Monday, March 06, 2006

Notes on EU film fest, and Kolya

Have been going for some of the screenings at the ongoing European Union Film Festival (schedule here if you’re a Delhiite: it’s on till Friday) and most of it has been good. For starters, the Siri Fort Auditorium authorities have been a lot more polite and pragmatic than on past occasions (some of my earlier rants here and here). They aren’t doing silly things like not allowing cellphones in – the guards simply instruct everyone to turn the volume down, and astonishingly it appears to have worked: in the four screenings I’ve been to so far, only once have I heard a phone ringing in the hall, and even that was cut off almost immediately.

At the festival inauguration on Friday a profoundly bearded Vinod Khanna, looking like a yeti in a smart suit, made a short, impromptu speech about his days as a film student: “I’ve never learnt as much about other countries as when I was watching movies from around the world in the early 1960s.” Barbara Gräftner and Andrea Nürnberger, the director and lead actress respectively of the opening film My Russia were also present and quite thrilled to see how appreciative the crowd was. I sometimes scoff at much-too-earnest film festival types waiting around for hours outside auditoria discussing films in the most portentous ways, but these events can be very charming in small doses. I enjoy the bonhomie, the small-scaleness of things, and the fact that most of it is free or nominally priced (just a couple of days earlier I’d had to back out of a multiplex screening where tickets had already been booked online – which meant Rs 300 thrown away. It didn’t make me happy). There are no tedious preludes to the screening of any of these films, no long-winded commercials. One of the staff members simply comes up to the stage at exactly the right time, makes a quick and tentative introduction (invariably mispronouncing names) and then the screening begins, just like that.

Of course, there will always be little annoyances: an old man will definitely start snoring loudly in the row behind you exactly 10 minutes after the film has begun, and at every second screening a scruffy, sweat-soaked creature will turn to you and ask meaningfully, “Bhai saab, iss film mein koi scenes hain?” These things are as inevitable as the loud boor on the flight demanding a whisky with soda every 15 minutes. But you learn to take these things in your stride.


It helps when the films are good. I loved Kolya, which won the foreign-language film Oscar in 1997. Had heard of it before (in part because of an apocryphal story from that time, about Shah Rukh Khan being woken up and told that his film Koyla had won an Oscar!) but I wasn’t prepared for something so powerful and moving. It’s set in Russia-occupied Prague in 1988 and the central character is a middle-aged lothario named Louka, a professional cellist who agrees to a temporary “marriage of convenience” with a Russian lady seeking Czech citizenship – Louka, struggling under the weight of numerous debts and holding down two jobs, goes along with it because he badly needs the money. But then the woman rushes off with her lover and Louka, who’s a bit of a misanthrope, finds himself in charge of her five-year-old son Kolya. The story is about the development of the relationship between him and the boy, and how the initially unwelcome responsibility reveals a side to his character even he was unaware of.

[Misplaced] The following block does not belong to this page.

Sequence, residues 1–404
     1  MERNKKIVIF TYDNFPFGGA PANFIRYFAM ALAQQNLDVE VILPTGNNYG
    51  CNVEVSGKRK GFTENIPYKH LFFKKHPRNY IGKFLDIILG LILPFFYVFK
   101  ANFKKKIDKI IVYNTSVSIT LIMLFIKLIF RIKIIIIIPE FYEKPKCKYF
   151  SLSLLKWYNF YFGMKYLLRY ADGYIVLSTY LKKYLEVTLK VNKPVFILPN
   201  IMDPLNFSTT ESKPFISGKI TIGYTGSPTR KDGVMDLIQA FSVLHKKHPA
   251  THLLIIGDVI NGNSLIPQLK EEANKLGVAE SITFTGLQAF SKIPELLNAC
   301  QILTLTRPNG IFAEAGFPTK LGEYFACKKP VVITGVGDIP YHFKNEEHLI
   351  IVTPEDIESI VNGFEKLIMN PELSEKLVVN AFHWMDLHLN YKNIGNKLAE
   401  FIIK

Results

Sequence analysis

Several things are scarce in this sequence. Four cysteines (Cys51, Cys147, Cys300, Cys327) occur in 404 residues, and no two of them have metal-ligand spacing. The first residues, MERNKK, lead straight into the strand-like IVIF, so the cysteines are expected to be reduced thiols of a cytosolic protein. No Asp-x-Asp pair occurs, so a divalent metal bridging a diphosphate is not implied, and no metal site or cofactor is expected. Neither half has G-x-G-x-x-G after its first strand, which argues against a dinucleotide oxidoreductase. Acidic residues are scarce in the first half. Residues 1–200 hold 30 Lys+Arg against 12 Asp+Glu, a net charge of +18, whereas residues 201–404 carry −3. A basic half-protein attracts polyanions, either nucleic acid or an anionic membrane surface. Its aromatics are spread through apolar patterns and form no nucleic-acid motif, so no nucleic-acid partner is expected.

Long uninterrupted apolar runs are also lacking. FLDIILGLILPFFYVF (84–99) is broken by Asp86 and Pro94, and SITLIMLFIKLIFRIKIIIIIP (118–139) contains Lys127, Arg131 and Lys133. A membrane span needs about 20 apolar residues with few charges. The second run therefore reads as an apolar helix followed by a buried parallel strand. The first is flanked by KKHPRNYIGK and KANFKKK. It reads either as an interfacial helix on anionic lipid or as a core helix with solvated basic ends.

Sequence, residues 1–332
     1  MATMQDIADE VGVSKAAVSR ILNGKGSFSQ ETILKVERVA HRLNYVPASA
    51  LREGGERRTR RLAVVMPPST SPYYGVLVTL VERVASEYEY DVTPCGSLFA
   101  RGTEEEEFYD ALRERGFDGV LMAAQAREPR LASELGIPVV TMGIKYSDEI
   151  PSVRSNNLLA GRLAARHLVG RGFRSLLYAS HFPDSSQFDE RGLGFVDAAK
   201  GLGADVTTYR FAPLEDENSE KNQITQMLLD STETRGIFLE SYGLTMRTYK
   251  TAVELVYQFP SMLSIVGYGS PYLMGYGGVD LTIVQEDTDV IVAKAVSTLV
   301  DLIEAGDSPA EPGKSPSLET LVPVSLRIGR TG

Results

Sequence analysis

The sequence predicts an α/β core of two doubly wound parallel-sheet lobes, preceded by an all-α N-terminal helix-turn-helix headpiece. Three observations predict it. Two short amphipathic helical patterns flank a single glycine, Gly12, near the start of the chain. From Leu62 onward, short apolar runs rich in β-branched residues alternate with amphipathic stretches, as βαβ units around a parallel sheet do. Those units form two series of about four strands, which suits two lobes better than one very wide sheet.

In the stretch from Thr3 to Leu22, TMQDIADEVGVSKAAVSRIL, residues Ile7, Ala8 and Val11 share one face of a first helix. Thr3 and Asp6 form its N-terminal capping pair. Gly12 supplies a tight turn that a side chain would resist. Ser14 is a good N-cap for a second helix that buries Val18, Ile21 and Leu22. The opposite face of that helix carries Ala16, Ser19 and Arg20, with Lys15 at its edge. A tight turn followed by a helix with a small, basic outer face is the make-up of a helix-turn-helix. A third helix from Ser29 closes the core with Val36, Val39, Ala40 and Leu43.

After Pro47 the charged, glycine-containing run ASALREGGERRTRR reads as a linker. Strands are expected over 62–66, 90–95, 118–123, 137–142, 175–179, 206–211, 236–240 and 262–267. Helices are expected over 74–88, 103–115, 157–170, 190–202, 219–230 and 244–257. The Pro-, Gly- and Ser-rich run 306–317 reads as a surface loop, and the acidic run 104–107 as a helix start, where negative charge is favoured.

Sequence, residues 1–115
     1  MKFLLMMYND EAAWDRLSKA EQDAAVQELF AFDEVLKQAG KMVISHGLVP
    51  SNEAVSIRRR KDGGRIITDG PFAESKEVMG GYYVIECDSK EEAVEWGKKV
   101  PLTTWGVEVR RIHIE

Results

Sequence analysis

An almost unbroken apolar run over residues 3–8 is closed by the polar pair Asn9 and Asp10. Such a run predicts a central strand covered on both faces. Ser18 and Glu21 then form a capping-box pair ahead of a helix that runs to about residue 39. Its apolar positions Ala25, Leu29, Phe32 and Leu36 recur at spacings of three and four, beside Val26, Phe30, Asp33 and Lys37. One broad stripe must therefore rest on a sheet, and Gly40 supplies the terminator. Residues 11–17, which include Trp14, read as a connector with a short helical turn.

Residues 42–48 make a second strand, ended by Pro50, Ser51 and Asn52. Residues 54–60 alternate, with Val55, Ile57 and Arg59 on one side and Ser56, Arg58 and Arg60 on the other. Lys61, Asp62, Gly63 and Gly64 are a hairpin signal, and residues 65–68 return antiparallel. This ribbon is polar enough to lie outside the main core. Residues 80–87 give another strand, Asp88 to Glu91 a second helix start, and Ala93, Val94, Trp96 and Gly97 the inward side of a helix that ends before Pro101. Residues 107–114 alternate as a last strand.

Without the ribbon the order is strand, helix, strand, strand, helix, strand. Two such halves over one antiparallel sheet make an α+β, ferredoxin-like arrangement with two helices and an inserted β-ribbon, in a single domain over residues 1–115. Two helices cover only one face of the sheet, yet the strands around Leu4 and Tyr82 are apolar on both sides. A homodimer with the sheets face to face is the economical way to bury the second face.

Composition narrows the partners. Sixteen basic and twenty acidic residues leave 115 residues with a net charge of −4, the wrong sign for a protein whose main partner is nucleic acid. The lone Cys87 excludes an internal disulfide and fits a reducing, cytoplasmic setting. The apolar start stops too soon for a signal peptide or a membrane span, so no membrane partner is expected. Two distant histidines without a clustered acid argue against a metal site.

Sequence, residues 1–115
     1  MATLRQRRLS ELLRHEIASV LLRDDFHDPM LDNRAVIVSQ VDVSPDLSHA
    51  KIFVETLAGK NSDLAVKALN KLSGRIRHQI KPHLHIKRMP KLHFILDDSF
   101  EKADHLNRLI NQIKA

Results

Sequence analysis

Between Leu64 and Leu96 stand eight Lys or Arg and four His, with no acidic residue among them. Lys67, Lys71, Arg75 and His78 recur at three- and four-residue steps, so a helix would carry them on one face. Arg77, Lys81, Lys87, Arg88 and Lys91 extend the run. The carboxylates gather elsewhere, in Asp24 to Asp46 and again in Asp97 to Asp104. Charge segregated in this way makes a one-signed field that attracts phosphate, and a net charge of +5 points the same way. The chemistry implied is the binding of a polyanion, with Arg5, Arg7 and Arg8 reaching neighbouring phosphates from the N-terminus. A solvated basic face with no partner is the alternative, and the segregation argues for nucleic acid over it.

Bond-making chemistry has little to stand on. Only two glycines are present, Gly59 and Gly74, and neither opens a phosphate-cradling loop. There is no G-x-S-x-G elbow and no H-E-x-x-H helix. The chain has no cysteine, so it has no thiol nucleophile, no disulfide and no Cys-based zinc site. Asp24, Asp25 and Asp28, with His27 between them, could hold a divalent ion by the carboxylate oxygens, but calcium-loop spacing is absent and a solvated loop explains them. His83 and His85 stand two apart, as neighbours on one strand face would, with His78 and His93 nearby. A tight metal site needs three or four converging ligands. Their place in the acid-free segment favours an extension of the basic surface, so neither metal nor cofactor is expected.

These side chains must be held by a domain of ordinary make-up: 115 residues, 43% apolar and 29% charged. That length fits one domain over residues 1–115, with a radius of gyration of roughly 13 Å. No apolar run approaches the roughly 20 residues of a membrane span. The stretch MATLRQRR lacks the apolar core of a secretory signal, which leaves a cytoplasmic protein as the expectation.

Storywise and themewise this is well-trodden territory, but Kolya’s handling of it is brilliant throughout. This is a film that has many balls in the air at once – it has things to say about the parent-child relationship, about how we define/restrict ourselves by our nationalities, about how terrifying the world can seem to a small child – but it never strikes a wrong note or loses its focus. There is gentle, perceptive humour in the way Louka (previously one-trackminded when it came to women) asks one of his sexual companions for help in telling Kolya a bedtime story on the phone; and in the boy’s interaction with Russian soldiers manning tanks out on the street. And the ending, which might have been embarrassingly mawkish in many other hands, is handled with restraint, sensitivity and even optimism – there is a strong sense of having seen a character evolve. (The film never brings the politics of the time and place into the forefront but one of the last shots also seems to point to the birth of a new country.)

Other films seen: La Femme de Gilles (the tone of which reminded me of some of Claude Chabrol’s work) and Mike Leigh’s Topsy Turvy, which I’ll blog about later if time.


  1. Kolya is a nice film but it is interesting that you approvingly mention that it never brings politics to the forefront because I thought that was where it failed. I don't want a clearcut political message in a film but without bringing the political context in sufficient detail this just becomes any other story.

    I don't want to downplay the "universalistic" or "humanistic" side (although I do find them cliched many times) of the film but you have to give specifics of the story and the context the importance it deserves.

  2. Vinod Khanna attended film school? Where, how?